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Develop: Molyneux talks Fable 2 problems, Fable 3 fixes

Kyle Orland

Despite "generally favorable reviews," there were quite a few people out there who had some serious problems with Fable 2. And to hear Lionhead's Peter Molyneux talk at the Develop Conference in Brighton today, he's one of them.

Molyneux's hour long on-stage presentation of Fable 3 included a veritable smorgasbord of self-deprecating remarks about the problems in the first two Fable games that would be fixed or mitigated in the threequel. For instance, Molyneux lambasted his studio for throwing way too many unnecessary features into Fable 2, even citing a study showing that most people didn't use more than 60% of the available features. Even when a feature was used, Molyneux said, it was often only used once and didn't factor into the larger game enough. For example, "most people did get married, but it didn't mean anything, it was just an excuse to have sex," he said. At one point Molyneux likened Fable 2 to "designing a car with 300 buttons on dashboard when you only need a steering wheel."

Gallery: Fable 3 (E3) | 9 Photos

"Most people did get married, but it didn't mean anything, it was just an excuse to have sex."- Peter Molyneux

Molyneux was also pretty down on Fable 2's story. He developed this position at E3, when he asked interviewing journalists to tell him what the story was about and most of them couldn't remember even the broad strokes or the major plot points (to be fair, this may say more about game journalists than Fable 2). To combat this, Molyneux said Fable 3 will have a much more straightforward story involving a revolutionary who gathers forces to overthrow a tryannical king and (spoiler alert ... but not really) becomes monarch him- or herself. "Very often, especially with the Fable series, the big story point of what you're doing and why you're doing it is lost in the noise of all the characters and the story," he said.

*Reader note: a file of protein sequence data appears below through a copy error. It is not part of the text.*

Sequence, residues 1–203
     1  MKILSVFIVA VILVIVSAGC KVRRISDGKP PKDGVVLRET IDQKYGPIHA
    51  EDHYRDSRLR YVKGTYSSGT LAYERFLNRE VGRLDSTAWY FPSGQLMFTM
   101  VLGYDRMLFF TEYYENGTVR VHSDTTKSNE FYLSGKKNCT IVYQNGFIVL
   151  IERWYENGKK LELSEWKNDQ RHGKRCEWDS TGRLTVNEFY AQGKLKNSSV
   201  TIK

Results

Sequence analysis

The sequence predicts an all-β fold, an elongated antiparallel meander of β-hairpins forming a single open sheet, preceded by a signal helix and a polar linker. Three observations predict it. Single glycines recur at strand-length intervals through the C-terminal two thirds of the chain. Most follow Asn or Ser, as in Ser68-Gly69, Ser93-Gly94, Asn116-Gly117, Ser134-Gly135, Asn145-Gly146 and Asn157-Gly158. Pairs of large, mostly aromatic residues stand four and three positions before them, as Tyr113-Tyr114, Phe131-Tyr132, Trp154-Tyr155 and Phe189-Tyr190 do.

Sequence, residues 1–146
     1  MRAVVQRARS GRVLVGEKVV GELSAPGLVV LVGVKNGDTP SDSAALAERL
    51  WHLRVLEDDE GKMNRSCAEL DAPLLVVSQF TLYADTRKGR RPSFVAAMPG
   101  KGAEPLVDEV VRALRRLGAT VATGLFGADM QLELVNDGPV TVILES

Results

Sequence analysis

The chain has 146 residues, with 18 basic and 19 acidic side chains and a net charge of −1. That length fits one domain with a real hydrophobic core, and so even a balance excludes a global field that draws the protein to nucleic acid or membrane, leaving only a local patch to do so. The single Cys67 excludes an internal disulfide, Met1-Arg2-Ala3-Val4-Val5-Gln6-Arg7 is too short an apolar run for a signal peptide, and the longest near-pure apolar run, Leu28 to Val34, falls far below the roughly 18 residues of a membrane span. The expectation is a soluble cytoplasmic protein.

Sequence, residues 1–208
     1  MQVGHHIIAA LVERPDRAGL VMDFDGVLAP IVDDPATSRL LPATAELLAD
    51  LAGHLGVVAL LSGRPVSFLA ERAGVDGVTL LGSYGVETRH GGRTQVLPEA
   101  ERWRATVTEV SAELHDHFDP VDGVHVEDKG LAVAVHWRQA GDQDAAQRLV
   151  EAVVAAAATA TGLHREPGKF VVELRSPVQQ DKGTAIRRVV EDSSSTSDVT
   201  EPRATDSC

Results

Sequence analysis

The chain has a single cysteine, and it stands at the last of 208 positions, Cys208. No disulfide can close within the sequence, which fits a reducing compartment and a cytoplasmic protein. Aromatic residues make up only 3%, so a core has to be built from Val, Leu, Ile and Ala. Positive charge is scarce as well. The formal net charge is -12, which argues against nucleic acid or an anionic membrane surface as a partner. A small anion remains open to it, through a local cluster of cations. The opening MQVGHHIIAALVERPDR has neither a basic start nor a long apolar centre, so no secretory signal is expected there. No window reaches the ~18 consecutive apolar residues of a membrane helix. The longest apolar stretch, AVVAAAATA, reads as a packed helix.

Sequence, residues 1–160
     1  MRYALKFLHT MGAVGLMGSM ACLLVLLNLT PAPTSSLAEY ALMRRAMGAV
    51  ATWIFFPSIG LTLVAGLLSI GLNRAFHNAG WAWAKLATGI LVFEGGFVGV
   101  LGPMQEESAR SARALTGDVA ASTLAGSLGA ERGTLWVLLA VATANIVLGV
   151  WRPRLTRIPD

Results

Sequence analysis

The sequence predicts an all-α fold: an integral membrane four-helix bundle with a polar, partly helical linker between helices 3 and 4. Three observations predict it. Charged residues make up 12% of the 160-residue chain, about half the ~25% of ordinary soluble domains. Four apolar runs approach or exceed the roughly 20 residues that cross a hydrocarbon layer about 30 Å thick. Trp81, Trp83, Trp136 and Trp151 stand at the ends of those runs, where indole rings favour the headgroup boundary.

But the most ambitious idea Molyneux said he wants to implement in Fable 3 might be that of the menu-free RPG. "You just cannot get people excited about sub-menus," Molyneux said, referring to the maze of bland, confusing lists you had to use to equip weapons and level up abilities in Fable 2. "A picture of a sword just isn't going to do it." For Fable 3, leveling is represented by a road, with a series of gates and bonus-granting treasure chests you can open with the game's (thankfully) singular experience currency. Other standard menu options in the game will be represented by a special room your character can walk around in, a 3D GUI that Molyneux says will actually be more efficient than the old 2D menus.

Oh, and in case you were wondering, Molyneux said he knew that in Fable 2, "all our women looked like Russian shopkeepers." In Fable 3, he promised they would have more "curves and soft bits." So ... there you go, then.

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